How the Lakers will use Kobe in Mike Brown’s offense

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The Lakers offense this season is not going to be as different as you think.

Oh, it will look different. Gone will be Tex Winter’s triangle replaced with Mike Brown’s new “twin towers” look where he will try to exploit the Lakers tall, skilled big men, Pau Gasol and Andrew Bynum. He has said some of the sets would be stolen from the Tim Duncan/David Robinson Spurs teams. Smart move.

But the more things change the more they stay the same. What will not change is Kobe Bryant will get his shots — and he will get them from his spots on the floor. Like the elbows or the block, where he can be automatic. The new offense may get there in another way but the goal of getting Kobe shots from his comfort zone will not change.

Mark Medina of the Los Angeles Times broke out what Brown said about Kobe in the offense recently.

Bryant has resorted more to a post-up game in the past two seasons to preserve energy and because he studied more moves from Hall of Fame center Hakeem Olajuwon. This would be a sound strategy considering he shot 49.3% from that area, according to Synergy Sports. Brown envisions Bryant receiving shots from the mid-to-high post, a spot Brown refers to as “the Karl Malone area….”

Brown routinely talked about ensuring Bryant receives looks in his “sweet spots.” Brown never defined where those are, but Synergy tabs that the plurality of Bryant’s shots last season (31.5%) came in isolation sets. Bryant’s proved effective in this department, shooting 44%, but he may want to temper running isos.

You are not going to get Kobe out of isolation sets, but in the old offense that often came when the play seemed to break down and Kobe was thrown the ball with eight seconds on the shot clock and asked to bail the team out. There are ways to make Kobe’s isolation sets more effective by creating spacing and matchups.

But in those isos, Kobe often tries to drive to the elbow — one of his “sweet spots” — and pull up. There are other ways to get him there in sets that would look different but end with the same result.

Darius at Forum Blue & Gold gives a little breakout of what that will look like.

Like any good coach, Brown shows he realizes an effective Kobe will greatly aid LA’s offensive execution and Brown wants to create scenarios where Kobe can get to his spots easily. This may seem like a departure from the triangle offense where reading and reacting to the defense triggered actions, and under normal circumstances you’d be correct. However, after watching Kobe all these years it’s been quite evident that Kobe manipulated the triangle more often than anyone ever pointed out. Knowing the offense as well as he did meant he could read a possession multiple steps ahead, make passes to certain players/parts of the floor, run the appropriate actions, and then set himself up in a position where he’d get the ball at the elbow or the low block. (How many times do you recall Kobe passing to the wing, cutting to the weak side, ending up at the elbow, and then pointing to the strong side and asking for a ball reversal so he could make the catch at the elbow? Only hundreds of times by my unofficial count.) Under Brown, the Lakers offense will work much in this same way only it won’t happen under the guise of the Triangle.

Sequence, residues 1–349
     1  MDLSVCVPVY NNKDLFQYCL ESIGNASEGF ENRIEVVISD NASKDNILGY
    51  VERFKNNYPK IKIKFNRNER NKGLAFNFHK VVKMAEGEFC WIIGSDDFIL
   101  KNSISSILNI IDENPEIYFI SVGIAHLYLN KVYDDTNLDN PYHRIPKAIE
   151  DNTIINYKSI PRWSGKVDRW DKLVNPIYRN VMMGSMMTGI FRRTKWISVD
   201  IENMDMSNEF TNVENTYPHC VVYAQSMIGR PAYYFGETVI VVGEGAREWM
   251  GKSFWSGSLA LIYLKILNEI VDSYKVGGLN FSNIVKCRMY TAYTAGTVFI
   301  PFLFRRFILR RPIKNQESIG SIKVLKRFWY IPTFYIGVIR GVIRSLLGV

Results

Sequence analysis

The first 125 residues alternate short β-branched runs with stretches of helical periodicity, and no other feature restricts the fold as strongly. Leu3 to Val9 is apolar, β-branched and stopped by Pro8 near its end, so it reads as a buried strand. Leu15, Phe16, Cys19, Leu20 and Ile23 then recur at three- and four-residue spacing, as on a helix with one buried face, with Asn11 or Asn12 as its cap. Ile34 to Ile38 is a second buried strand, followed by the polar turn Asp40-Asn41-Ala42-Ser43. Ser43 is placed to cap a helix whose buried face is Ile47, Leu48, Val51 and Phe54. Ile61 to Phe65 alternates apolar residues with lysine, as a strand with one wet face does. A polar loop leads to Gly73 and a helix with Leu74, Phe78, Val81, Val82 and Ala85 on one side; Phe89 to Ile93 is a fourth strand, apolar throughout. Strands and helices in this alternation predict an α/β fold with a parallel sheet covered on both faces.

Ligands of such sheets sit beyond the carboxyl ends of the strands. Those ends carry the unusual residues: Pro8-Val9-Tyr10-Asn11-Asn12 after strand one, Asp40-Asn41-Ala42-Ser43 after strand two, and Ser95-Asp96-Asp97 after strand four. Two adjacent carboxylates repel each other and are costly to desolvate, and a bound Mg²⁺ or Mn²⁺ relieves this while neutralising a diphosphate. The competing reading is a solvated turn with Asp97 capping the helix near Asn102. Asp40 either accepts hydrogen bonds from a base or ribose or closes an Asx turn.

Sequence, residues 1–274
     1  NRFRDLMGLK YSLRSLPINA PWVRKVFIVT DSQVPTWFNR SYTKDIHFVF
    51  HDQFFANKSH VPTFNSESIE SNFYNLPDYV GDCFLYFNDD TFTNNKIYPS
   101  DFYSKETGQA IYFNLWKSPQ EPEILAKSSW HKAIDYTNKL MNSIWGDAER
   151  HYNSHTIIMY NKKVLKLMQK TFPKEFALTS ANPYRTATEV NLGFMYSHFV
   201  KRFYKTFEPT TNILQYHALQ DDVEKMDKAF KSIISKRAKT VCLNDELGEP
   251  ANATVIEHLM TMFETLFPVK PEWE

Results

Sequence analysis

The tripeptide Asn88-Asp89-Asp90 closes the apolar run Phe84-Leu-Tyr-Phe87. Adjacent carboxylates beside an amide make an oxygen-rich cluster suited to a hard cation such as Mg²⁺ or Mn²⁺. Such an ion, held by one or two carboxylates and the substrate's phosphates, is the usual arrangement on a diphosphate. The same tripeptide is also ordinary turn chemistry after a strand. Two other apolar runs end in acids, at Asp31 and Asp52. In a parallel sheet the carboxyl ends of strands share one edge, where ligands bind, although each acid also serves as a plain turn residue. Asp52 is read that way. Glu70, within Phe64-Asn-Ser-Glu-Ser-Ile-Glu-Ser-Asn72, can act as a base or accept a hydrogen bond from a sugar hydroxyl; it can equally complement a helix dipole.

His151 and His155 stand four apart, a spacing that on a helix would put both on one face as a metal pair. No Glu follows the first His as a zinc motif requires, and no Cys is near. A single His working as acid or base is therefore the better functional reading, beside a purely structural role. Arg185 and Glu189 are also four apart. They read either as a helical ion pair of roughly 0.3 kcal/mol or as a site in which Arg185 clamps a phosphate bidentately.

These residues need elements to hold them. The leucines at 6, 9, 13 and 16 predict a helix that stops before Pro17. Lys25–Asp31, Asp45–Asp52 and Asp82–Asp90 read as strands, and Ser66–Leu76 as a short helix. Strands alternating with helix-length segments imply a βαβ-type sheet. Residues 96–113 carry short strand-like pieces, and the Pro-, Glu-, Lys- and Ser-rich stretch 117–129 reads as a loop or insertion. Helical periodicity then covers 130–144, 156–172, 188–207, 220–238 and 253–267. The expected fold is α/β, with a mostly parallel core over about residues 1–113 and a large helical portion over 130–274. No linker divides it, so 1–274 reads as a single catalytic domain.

All of which is to say, the more things change, the more they stay the same.

Kevin Durant and Russell Westbrook go head-to-head, literally (video)

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This sure didn’t look like just another game for Kevin Durant – and not only because the Thunder beat the Warriors for the first time since he left.

The 108-91 Oklahoma City victory didn’t look like just another game for Russell Westbrook (34 points, 10 rebounds, nine assists and four steals), either.

Harrison Barnes banks in game-winning, buzzer-beating 3-pointer (video)

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With the shot clock off in the fourth quarter and the game tied, Grizzlies big JaMychal Green put back Tyreke Evans‘ miss with a clutch flush. There’s a very fine line between ensuring the last shot and leaving time for an offensive rebound, and Memphis threated it almost perfectly.

Emphasis on “almost.”

The Grizzlies left the Mavericks 0.5 seconds, which Harrison Barnes used to bank in a 3-pointer – off a pinpoint bounce pass by Dennis Smith Jr. – to give Dallas a 95-94 win.

Heat snap Celtics’ 16-game winning streak

AP Photo/Lynne Sladky
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The Celtics didn’t have another comeback in them.

After overcoming a 13-point fourth-quarter deficit against the Mavericks on Monday to extend its winning streak to 16 games, Boston lost to the Heat tonight, 104-98. The streak ends as the NBA’s longest since the Hawks won 19 straight during the 2014-15 season.

The Celtics trailed Miami by 16 in the fourth quarter then cut the deficit to only one with three minutes left. But Dion Waiters hit back-to-back 3-pointers, helping the Heat pull away.

Goran Dragic (27 points) and Waiters (26 points) led Miami, which needed a reason to feel good after losing three of four to fall to 7-9.

The Celtics, on the other hand, still have a four-game cushion over the rest of the Eastern Conference. This might help them regain focus.

Serge Ibaka gets dunked on by Enes Kanter, hit in face by ball (video)

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Is Enes Kanter mad Serge Ibaka rifted with his family?

(No, not this family. That family.)